Energy savings alone can represent a lot of money and might be a strong incentive for energy efficiency activities and priority. But, that may not be enough for some corporate managers. The chief executive and director's board are held accountable to the owners and shareholders. Their responsibility is to create and grow the company capital value. In the refining business this is accomplished by obtaining revenue from products that exceeds the investment and operational cost of owning and operating it. Any set of equipment or system is an asset that must generate economic return. Earnings gained from the sale of products generated by these assets, the refinery itself, divided by the value of the refinery, gives the rate of return on assets, a key measure by which corporation officers are evaluated. And whatever decision these officers take, they seek investments that lead to the highest achievable return on capital employed allied with fastest possible payback.
Those responsible for the energy efficiency program need to understand how their work supports and is supported by overall corporate goals. The proposed activities to run energy efficiency provide better control over refinery assets that reduces losses and energy consumed per unit of production. This can provide reliability and this can also mean less down-time, which derives more production. So, energy efficiency is not just about reducing costs, it is also achieving greater productivity and revenue.
One approach to insert energy efficiency on the corporation priorities is to relate it to the rate of return on assets. Energy savings contribute in this index either in cost reduction as in revenue rise. This is a simple and rather coherent view and although it fits well with the company's agenda it has the inconvenience of placing energy efficiency at the same level of interest as many other better management efforts. But energy efficiency has always had an extra flavor, surpassing only economics. Relating its benefits to more corporate needs is a good option for differentiating it from others and raises its priority.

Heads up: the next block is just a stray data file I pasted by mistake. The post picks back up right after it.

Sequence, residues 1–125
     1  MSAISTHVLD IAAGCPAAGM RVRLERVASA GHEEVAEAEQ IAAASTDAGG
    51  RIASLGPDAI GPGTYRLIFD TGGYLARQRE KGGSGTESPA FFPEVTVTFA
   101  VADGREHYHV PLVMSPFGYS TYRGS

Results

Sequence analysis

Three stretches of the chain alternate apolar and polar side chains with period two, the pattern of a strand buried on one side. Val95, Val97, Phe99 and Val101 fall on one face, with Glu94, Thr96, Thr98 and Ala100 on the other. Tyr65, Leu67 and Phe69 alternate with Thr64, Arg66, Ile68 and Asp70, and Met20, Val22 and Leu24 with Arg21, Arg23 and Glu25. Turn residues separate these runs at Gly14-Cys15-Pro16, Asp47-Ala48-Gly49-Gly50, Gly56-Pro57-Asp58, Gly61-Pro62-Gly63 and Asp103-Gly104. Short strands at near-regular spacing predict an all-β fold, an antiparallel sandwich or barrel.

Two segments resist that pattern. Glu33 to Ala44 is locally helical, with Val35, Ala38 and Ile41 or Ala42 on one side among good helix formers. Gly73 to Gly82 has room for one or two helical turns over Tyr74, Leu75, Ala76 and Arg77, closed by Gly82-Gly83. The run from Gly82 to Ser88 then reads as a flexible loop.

The direct benefit of efficiency is reduced energy expenditure. It can be seen as a new capital source for the corporation. These savings can also be enrolled among added shareholder value attributable to the energy efficiency program. Energy savings can simultaneously reduce emissions and water consumption and potentially contribute to reduce environmental compliance costs and mitigate exposure of the refinery to penalties. The routines involved in monitoring can help identify operational abnormalities and contain dangers and threats to life, health and property. It is also important to detach energy efficiency program contribution to health, safety and environmental corporate results.
Connecting energy efficiency results to corporate goals brings many palpable benefits to the program. It places energy culture at the same level of other usual priorities for the refinery manager and all staff. It expresses the commitment of the company to energy efficiency and spreads this statement to all company officers, even those not directly attached to the subject. This eases the work of obtaining all necessary support from corporate level to guarantee program continuity, like financial resources, education and training opportunities, compensation and motivation systems for engaged personnel etc. Incorporating this into a corporate energy policy can be a formal and worthwhile step and, as previously mentioned, may really found the business basis for the program.
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